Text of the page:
Assistant Professor, Chemistry and Chemical Biology
My research focuses on the development of algorithms for simulating biomolecules and analyzing biomolecular data.
Current research project:
One project I am particularly excited about is combining cryo-electron microscopy (cryo-EM) data with molecular simulation to understand how proteins work. Proteins are the machines that do everything in our cells, but since they are so small it is hard to figure out how they function. Cryo-EM allows us to take pictures of them molecule by molecule, but since the pictures are so grainy (they can have a signal-to-noise ratio of 0.01 or less) it is difficult to make out what the proteins are doing. In our work, we disentangle what happens in these images by comparing them with physics-based simulations. This will help us understand how proteins move and help us design new treatments for deadly diseases like tuberculosis.
- Research Fellow, Center for Computational Mathematics, Flatiron Institute, 2020-2023
- Postdoctoral Researcher, Department of Computer Science, University of Chicago, 2019-2020
- Graduate Research Associate, Department of Chemistry, University of Chicago, 2013-2019
- Ph.D., Chemistry, University of Chicago, 2019
- B.S., University of North Carolina at Chapel Hill, 2013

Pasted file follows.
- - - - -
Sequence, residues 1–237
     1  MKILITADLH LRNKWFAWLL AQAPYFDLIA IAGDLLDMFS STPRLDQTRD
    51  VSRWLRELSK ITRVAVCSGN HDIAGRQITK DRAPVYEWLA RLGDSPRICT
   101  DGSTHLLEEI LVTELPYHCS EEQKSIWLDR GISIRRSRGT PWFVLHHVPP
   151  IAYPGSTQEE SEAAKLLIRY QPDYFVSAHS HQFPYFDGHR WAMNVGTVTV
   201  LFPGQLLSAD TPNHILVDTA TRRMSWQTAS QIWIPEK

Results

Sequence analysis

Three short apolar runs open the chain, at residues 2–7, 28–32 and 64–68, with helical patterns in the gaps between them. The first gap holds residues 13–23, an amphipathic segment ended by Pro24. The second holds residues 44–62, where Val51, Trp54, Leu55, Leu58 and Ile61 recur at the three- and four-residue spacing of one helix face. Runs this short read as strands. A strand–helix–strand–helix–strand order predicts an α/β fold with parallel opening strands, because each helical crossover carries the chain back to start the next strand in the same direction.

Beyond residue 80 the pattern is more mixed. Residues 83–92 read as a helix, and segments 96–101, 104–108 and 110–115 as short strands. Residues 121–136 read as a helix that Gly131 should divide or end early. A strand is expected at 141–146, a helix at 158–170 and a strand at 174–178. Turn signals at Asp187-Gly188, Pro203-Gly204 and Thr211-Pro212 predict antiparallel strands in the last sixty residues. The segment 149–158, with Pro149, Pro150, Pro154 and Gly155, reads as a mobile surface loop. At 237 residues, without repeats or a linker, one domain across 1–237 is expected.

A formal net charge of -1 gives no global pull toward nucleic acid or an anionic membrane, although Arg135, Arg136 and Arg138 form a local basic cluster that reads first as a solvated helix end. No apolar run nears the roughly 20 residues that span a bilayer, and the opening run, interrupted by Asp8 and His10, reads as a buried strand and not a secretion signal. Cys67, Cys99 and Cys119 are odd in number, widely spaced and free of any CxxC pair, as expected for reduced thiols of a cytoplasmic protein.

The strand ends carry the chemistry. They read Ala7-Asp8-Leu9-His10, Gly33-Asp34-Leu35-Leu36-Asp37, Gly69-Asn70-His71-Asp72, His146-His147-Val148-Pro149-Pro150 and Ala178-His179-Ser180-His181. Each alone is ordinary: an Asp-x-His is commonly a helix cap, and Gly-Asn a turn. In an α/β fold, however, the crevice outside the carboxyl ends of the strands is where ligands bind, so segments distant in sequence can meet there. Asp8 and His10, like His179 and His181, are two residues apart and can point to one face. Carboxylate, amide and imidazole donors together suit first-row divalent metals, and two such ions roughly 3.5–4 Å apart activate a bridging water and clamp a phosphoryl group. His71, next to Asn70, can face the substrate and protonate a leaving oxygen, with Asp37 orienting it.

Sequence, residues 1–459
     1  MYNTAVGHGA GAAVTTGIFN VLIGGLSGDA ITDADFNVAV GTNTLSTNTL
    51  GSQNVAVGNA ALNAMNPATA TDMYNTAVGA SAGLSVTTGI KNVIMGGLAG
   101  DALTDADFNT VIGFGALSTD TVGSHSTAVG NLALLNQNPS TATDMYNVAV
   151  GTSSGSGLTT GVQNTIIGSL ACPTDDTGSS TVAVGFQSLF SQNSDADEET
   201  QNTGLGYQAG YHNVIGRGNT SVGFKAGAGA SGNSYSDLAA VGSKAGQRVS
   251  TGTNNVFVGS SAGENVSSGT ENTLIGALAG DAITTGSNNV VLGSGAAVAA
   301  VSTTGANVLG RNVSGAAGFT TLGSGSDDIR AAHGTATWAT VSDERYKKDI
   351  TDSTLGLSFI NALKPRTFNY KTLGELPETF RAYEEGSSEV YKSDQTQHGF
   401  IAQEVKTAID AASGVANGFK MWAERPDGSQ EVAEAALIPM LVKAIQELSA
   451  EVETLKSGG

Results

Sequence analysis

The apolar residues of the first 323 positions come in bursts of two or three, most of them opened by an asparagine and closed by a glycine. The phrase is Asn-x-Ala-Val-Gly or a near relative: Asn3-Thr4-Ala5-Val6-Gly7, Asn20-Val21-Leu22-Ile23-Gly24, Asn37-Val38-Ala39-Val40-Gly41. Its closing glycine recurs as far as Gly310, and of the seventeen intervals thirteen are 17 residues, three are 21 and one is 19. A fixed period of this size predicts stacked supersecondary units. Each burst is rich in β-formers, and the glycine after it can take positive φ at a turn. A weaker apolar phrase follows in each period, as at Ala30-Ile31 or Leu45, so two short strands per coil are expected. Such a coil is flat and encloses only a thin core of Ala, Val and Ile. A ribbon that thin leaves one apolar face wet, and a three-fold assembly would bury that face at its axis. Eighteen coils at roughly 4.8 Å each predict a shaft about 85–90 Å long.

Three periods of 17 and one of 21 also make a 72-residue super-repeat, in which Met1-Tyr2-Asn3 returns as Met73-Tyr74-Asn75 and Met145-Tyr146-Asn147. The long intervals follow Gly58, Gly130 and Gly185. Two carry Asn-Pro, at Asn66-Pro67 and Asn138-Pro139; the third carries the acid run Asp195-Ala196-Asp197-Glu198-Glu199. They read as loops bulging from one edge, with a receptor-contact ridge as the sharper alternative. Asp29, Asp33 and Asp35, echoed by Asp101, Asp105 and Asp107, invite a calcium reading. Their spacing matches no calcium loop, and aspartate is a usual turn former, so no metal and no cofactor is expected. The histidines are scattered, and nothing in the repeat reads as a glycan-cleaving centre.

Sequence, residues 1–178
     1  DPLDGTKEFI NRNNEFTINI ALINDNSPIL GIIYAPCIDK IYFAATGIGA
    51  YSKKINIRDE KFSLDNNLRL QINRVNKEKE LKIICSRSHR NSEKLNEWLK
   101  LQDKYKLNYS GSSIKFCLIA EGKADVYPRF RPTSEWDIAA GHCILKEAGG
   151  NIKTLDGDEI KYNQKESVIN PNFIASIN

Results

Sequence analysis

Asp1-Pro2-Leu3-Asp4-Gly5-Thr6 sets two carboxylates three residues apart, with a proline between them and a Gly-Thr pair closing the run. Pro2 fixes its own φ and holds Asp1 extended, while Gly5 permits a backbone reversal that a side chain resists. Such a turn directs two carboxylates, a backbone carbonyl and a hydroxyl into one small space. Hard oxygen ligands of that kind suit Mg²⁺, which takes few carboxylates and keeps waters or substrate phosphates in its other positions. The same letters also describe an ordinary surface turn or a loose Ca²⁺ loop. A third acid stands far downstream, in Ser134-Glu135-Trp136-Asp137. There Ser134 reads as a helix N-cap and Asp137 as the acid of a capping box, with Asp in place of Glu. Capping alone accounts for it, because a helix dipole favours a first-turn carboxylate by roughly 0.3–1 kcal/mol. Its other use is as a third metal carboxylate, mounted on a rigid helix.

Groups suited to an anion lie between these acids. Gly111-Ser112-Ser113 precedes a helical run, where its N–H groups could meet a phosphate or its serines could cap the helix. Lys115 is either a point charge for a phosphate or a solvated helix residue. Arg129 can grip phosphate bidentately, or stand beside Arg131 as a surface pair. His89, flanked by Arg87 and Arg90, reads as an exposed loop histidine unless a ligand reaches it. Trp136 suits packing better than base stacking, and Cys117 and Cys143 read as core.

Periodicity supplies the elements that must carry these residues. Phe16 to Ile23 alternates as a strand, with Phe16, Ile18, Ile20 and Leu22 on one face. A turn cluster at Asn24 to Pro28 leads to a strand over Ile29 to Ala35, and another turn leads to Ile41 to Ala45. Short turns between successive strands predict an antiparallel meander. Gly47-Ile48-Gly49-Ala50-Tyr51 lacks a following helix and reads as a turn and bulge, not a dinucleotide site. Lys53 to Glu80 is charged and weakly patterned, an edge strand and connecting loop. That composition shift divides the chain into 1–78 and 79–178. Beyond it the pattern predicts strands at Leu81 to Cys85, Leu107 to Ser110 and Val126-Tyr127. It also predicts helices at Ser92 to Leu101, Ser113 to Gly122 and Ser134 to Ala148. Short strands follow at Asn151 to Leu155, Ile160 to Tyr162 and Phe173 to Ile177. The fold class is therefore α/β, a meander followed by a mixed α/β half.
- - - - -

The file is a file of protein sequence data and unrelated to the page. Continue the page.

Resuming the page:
Last book read:
“Samguk Yusa” by Il Yeon, as translated by Ha Tae-Hung and Grafton R. Mintz
In your own time/when not working:
I'm trying to get back in the habit of playing the accordion, but mostly it sits on my shelf and collects dust.
Courses you’re most looking forward to teaching:
I will be teaching 387 [Principles of Physical Chemistry] next fall, and next year I'm hoping to design a new graduate course for artificial intelligence strategies in chemical science. I'm very excited about both courses.
What most excites you about Cornell:
What excites me most about Cornell is actually its educational mission. If we take our mission to be a place where “any person can find instruction in any study” seriously, then as professors our job doesn't stop at the blackboard. We need to work actively and creatively to make a welcoming space, where people from all backgrounds and with all kinds of diversity can engage with ideas we love. This mission is incredibly daunting, but I also think it encapsulates the finest parts of the academic spirit.